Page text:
- Multiple homicide investigation, Operation Nene, May 2011: Ding Family Murders in Northampton
Developments in Forensic Science
In 2011 while Scientific Support Manager at Northamptonshire Police, Dr John Bond was awarded an OBE for services to forensic science and to the county’s police.
An innovative partnership project between the University of Leicester and Northamptonshire Police Force resulted in ground-breaking applications of forensic science. In February 2011, a pioneering new forensic device that extracts latent fingerprints from discharged cartridge cases was launched by Consolite Forensics at Northamptonshire Police headquarters.
- Technique voted as one of the top 50 inventions in 2008 by Time Magazine and could bring financial benefits to both the University and the Force.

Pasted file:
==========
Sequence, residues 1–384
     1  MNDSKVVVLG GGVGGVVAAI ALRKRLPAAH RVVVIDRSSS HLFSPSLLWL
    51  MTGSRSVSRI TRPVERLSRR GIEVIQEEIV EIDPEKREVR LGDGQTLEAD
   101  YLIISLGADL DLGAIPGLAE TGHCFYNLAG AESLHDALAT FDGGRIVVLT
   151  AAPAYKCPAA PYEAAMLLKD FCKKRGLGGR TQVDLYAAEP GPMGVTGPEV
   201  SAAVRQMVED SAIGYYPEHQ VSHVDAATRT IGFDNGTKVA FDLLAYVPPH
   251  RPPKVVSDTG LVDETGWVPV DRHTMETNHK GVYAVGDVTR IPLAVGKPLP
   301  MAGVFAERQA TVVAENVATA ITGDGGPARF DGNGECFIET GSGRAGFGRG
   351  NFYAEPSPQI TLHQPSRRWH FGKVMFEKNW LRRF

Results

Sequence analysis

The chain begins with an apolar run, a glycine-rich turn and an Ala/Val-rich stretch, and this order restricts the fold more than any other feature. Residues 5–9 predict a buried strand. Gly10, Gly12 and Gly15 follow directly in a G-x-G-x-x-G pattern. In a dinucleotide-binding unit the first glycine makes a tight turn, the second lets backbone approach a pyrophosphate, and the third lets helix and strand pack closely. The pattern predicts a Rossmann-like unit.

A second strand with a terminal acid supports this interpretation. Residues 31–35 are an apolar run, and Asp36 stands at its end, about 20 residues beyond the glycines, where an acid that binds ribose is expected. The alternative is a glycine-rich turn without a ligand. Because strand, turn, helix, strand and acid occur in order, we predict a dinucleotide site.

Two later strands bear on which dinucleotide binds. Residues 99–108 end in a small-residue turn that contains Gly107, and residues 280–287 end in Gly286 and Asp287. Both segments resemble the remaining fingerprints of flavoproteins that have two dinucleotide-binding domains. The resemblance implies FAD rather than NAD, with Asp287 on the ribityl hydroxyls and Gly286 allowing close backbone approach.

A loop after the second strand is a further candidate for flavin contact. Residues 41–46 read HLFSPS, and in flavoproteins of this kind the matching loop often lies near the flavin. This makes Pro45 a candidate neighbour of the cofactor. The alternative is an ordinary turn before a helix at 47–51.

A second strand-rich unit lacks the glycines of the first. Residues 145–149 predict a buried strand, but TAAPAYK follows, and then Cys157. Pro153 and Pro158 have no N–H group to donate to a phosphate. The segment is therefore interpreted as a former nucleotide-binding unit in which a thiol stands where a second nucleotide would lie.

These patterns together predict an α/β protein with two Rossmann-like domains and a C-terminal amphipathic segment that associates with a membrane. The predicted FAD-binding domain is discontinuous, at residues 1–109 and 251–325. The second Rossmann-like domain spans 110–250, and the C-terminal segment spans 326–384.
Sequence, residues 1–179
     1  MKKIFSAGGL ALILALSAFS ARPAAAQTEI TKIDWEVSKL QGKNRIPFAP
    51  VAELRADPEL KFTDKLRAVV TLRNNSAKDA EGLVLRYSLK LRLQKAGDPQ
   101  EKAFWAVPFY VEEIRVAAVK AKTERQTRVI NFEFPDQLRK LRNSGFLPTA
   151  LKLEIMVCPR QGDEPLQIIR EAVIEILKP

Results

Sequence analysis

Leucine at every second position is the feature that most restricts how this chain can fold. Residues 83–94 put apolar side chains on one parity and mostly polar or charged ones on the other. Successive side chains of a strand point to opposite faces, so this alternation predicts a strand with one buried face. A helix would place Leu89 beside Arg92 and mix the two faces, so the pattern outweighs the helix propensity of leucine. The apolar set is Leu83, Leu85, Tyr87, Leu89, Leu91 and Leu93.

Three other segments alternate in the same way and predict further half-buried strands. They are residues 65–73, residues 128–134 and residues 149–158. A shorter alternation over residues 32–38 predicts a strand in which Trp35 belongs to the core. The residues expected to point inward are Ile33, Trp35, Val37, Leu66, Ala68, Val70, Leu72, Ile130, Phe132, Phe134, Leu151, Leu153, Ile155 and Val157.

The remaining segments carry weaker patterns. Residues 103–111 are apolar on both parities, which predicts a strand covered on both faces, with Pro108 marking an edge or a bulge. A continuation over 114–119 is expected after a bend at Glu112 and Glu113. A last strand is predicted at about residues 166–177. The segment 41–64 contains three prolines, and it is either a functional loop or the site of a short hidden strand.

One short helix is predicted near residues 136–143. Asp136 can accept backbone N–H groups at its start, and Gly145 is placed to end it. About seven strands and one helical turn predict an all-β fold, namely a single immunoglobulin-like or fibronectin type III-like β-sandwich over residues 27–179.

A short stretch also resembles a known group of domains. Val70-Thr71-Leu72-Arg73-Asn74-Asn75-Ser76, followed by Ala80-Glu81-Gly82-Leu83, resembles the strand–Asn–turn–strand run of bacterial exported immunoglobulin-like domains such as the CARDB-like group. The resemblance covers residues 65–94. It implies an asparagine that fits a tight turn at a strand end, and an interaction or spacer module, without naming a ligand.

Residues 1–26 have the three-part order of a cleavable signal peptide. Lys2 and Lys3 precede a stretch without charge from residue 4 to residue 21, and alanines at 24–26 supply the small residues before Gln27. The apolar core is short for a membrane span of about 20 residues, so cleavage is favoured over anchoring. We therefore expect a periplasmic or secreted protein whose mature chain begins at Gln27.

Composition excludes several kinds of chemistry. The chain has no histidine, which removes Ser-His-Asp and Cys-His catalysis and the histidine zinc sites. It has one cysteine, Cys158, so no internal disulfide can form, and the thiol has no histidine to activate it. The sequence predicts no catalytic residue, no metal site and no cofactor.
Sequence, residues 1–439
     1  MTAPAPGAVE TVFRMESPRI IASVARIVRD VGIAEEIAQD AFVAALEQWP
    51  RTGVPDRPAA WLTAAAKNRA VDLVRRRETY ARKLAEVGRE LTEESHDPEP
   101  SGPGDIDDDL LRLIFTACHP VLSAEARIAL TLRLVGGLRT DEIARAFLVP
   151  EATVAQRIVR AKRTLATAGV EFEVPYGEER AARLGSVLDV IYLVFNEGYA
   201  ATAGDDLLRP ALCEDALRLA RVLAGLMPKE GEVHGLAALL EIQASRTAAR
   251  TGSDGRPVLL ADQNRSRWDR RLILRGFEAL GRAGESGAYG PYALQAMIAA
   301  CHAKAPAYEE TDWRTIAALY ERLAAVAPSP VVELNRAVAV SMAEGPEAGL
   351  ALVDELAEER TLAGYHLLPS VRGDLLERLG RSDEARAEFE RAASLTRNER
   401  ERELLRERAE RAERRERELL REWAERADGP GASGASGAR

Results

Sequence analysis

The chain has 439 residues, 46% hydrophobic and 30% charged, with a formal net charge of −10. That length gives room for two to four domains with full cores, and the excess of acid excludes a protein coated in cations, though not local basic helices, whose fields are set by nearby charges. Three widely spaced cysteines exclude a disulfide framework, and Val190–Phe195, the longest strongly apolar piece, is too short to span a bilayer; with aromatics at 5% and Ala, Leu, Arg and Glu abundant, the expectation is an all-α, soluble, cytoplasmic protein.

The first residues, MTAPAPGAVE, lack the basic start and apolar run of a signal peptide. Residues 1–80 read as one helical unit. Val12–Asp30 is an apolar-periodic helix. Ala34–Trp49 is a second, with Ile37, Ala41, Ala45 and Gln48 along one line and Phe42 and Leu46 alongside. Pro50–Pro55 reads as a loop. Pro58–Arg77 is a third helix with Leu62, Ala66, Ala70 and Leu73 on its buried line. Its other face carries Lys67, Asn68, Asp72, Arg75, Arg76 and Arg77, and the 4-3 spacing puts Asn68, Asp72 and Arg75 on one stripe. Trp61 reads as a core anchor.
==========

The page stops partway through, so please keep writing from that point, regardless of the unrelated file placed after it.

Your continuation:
- A one-day conference on solving crime with forensic science which was attended by 50 delegates from forces all over the UK. Dr Bond was also invited to lecture at a conference at the University of Tennessee on the joint research done with the University’s Forensic Research Centre.
- Research students have been working on dissertations examining the latent fingerprint corrosion of brass and the subject of fingerprint visualisation on metal surfaces.
- An engineering student undertook research into the composition of lead from church roofs to establish a new forensic technique to link the theft of metal to a suspect.
- Forensic psychologists are working with the Force on examining the relationship between forensic evidence recovery at vehicle crime offences and the deprivation of the home address of the victim
- Seven research papers have been published as a result of this collaborative work. A further eight papers have been accepted for publication.